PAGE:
Fidel Castro, Cuba’s longtime leader, died Friday at age 90 after five decades in power.
His brother Raul, the country’s current president, made the announcement that Fidel died at 10:29 p.m. “Towards victory, always!” he declared on Cuban state television. While the nation is in mourning over the loss — with a state cremation ceremony in the works — many exiles and their family members in Miami have reportedly taken to the streets to celebrate the death.
The communist dictator’s tenure has been condemned by many over the years — most recently by President-elect Donald Trump and Florida Sen. Marco Rubio (who is of Cuban decent) — but the fashion and entertainment industry has had a longstanding love affair with Castro and the island-nation.
And the flirtation, over the years, has been mutual.
In fact, Naomi Campbell and Kate Moss were spellbound after a tête-à-tête with Castro in 1998 that lasted nearly two hours. The supermodels were in Havana completing a Harper’s Bazaar pictorial and requested an audience with the leader.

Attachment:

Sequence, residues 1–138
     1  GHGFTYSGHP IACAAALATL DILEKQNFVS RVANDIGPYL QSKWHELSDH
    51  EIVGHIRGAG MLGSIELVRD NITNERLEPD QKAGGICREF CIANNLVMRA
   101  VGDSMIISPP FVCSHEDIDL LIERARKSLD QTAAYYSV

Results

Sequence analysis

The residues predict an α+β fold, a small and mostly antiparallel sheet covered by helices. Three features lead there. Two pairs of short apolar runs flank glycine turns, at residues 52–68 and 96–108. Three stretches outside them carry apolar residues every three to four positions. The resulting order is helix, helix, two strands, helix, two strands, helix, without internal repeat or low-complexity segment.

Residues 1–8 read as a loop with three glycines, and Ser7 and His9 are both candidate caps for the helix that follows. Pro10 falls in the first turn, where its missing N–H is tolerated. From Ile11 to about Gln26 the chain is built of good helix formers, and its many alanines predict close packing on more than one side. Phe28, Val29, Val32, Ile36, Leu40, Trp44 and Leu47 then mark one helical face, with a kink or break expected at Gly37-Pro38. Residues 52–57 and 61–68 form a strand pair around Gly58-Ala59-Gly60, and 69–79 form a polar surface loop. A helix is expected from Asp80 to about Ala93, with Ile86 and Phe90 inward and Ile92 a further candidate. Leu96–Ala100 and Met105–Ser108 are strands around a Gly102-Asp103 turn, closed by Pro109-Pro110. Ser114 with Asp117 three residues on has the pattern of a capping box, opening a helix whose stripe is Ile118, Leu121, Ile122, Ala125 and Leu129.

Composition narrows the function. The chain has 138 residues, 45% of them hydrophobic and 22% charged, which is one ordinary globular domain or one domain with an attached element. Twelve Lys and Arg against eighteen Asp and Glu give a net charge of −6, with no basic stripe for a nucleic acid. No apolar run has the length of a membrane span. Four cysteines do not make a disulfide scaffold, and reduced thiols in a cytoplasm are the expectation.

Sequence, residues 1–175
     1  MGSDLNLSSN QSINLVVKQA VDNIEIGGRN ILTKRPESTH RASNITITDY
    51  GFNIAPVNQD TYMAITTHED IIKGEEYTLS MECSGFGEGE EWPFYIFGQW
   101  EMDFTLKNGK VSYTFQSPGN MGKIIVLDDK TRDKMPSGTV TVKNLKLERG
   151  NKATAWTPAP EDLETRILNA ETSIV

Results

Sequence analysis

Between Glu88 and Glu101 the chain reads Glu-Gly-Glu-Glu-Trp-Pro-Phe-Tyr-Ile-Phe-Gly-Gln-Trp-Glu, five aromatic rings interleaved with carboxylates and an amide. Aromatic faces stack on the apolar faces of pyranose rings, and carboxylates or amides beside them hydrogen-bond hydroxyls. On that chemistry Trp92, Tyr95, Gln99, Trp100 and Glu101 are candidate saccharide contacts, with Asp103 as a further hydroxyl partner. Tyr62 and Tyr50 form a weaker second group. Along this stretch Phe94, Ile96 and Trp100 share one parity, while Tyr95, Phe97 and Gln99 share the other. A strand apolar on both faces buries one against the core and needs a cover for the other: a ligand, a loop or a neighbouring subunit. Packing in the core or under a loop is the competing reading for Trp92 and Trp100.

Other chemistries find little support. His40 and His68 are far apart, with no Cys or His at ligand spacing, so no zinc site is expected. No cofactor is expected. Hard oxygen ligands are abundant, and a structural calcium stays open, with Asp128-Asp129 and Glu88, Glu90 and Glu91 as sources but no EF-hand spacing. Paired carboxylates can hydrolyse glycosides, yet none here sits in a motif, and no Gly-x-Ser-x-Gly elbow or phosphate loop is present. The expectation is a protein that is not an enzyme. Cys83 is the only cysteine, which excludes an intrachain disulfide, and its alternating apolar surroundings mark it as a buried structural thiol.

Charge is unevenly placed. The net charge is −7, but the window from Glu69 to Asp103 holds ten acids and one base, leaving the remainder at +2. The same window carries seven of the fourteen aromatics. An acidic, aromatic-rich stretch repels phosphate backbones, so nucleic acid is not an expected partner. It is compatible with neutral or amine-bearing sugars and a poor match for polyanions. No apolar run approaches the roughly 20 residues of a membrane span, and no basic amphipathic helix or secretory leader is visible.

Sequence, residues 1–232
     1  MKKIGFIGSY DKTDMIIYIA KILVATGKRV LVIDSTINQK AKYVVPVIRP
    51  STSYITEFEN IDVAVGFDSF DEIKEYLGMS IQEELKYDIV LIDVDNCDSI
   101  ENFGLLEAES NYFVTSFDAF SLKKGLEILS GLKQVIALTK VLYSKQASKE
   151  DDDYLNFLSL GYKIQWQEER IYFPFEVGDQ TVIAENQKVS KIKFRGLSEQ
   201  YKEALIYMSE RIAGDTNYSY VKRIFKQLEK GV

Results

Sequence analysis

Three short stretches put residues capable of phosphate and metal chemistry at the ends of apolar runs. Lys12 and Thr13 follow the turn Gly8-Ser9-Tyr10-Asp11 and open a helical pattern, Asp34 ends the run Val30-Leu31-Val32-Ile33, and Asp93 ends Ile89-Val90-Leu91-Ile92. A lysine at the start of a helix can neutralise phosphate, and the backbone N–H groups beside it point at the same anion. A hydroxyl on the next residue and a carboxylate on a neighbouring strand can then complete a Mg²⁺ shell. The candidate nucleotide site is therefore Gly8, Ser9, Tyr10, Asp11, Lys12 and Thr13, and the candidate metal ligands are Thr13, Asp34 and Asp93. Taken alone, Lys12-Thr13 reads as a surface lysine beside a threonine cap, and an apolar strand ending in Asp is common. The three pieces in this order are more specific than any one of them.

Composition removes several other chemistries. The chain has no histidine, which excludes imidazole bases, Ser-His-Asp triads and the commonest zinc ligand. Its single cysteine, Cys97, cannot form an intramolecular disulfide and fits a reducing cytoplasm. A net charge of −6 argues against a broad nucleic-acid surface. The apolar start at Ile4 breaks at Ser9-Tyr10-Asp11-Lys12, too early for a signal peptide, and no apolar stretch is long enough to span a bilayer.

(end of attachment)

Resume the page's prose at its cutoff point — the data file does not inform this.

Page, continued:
The trio met at the Palace of the Revolution and discussed a range of subjects, including fashion. Campbell later shared at a press conference that Castro admitted to regularly reading the same magazines they graced and was “familiar” with their print work, but she added that he was surprised at how different they looked in the flesh, BBC reported at the time.
“He’s a really, really intelligent person,” Campbell continued. “He said that seeing us in person was very spiritual.”
Campbell, who has cited Nelson Mandela as one of her greatest influences, likened Castro to the South African anti-apartheid revolutionary.
“These are two men in the world that I think are an inspiration to everyone,” she said. “They have fought with integrity to stick to their beliefs.”
In the 1960s, Mandela was imprisoned for his activism and served a 27-year sentence before he was elected president of South Africa in the country’s first fully democratic election in 1994. Meanwhile, the ’60s unfolded for Castro in an entirely different manner: He held 15,000 political prisoners in Cuba, and he had around 582 of them killed by firing squad, reports the New York Post. (Mandela and Castro met in 2001.)
“I’m so nervous and flustered because I can’t believe that I met him,” Campbell continued.
Curiously, a journalist at the press conference asked Campbell, then 28, and Moss, then 24, if they were “seduced” by Castro, who was 71 years old at the time of the private encounter. “No man has ever seduced me, and I wanted to meet him — so, no,” Campbell insisted.